“It is critical that once someone has experienced an overdose and they are fortunate enough to survive, that they be assessed and evaluated and immediately have access to evidence-based treatment,” she said.
People who survive an overdose are prone to repeat if they don’t get into addiction treatment, which can involve behavioral therapy coupled with medications such as methadone, buprenorphine or naltrexone.
Yet many who are revived from an overdose are not getting plugged into treatment. A study published last week in the Annals of Internal Medicine found that among more than 17,000 patients in Massachusetts revived from an overdose, less than a third received follow-up medicine to treat addiction.
And nationwide, only about 10 percent of people who have an addiction receive treatment.
“That’s one in ten,” Harris said. “I always pause because I think it’s important to just let that sink in. We have treatment that we know works. The science is clear. And our patients don’t have access to it.”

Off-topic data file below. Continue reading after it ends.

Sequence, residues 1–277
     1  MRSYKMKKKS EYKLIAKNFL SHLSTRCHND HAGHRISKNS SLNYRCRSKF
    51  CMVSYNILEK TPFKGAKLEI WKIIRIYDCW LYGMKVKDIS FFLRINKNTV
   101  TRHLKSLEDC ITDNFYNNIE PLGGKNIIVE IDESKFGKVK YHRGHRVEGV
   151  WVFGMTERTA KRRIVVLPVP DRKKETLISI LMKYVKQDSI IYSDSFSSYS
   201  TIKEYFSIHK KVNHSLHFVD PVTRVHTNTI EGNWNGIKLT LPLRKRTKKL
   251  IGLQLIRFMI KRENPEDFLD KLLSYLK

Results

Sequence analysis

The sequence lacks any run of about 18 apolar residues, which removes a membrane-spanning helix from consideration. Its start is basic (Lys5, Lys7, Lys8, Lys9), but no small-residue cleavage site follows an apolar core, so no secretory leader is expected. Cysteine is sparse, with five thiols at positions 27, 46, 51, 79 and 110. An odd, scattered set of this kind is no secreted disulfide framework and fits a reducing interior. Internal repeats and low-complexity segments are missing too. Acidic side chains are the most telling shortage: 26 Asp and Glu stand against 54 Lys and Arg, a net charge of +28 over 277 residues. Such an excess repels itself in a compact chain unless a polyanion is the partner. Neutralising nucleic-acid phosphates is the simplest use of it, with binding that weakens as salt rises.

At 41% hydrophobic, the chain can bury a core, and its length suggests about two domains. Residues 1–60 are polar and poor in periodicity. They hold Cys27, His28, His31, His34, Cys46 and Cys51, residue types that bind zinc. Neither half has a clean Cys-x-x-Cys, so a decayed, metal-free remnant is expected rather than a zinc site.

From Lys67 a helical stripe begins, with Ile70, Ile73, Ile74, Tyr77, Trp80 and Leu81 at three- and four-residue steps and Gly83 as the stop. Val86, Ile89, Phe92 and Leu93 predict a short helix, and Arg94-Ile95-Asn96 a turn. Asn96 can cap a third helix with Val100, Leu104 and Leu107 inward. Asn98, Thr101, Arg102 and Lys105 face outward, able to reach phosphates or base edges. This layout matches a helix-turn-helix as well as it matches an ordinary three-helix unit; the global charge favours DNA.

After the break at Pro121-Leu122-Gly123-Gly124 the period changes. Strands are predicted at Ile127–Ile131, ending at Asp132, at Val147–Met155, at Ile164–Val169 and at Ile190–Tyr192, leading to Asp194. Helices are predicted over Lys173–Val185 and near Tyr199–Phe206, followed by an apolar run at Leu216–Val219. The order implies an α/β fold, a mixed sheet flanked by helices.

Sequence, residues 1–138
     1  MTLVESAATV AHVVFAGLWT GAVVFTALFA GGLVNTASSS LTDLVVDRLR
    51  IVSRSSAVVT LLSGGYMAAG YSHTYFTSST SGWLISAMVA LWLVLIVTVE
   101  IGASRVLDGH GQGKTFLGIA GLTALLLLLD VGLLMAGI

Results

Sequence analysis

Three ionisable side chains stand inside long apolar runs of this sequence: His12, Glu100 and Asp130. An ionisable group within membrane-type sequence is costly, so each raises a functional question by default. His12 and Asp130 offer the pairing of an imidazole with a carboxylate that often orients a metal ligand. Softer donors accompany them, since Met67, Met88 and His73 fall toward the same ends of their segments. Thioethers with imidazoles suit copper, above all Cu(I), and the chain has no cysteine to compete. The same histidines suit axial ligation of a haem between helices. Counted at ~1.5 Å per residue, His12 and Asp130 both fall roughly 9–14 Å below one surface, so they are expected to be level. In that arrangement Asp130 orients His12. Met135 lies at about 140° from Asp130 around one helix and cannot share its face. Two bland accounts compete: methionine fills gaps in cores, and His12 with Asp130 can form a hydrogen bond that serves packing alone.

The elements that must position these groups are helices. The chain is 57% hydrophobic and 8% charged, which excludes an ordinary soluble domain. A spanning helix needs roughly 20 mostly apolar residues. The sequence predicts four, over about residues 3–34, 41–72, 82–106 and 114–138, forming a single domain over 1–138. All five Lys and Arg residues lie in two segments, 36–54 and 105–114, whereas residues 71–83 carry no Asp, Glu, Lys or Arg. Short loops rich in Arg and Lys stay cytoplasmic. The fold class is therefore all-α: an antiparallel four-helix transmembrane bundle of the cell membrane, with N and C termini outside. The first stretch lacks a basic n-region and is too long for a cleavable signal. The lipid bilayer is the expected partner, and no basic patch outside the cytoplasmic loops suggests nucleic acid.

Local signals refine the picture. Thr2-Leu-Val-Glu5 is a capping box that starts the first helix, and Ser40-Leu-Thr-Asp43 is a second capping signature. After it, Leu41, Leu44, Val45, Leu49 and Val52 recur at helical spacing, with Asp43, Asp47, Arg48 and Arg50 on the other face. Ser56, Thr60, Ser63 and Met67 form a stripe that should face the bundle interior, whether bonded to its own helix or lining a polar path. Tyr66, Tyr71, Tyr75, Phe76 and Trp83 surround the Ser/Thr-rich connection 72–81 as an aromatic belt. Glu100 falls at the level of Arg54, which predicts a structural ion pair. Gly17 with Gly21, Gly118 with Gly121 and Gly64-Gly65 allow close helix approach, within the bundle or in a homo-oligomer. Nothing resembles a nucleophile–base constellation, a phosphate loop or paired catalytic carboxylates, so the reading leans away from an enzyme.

Barriers to treatment
Harris said a common barrier to treatment is the requirement for prior authorization from an insurance company before a patient can start treatment.
The process can cause a delay, “and we know that delays in care can cost lives,” she said.
Some states are taking action to address this barrier to care. In Illinois, lawmakers passed a bill that would remove that requirement for prior authorization from public and private insurance companies for intensive outpatient and community residential treatment.
The measure will keep providers from sending patients home if they don’t get immediate authorization from the insurance company, said Sara Howe, CEO of the Illinois Association for Behavioral Health, which supported the bill.
“If it’s medically necessary, then they can get them in the door,” said Howe, whose association also supported another bill aimed at enforcing the state’s existing mental health parity laws.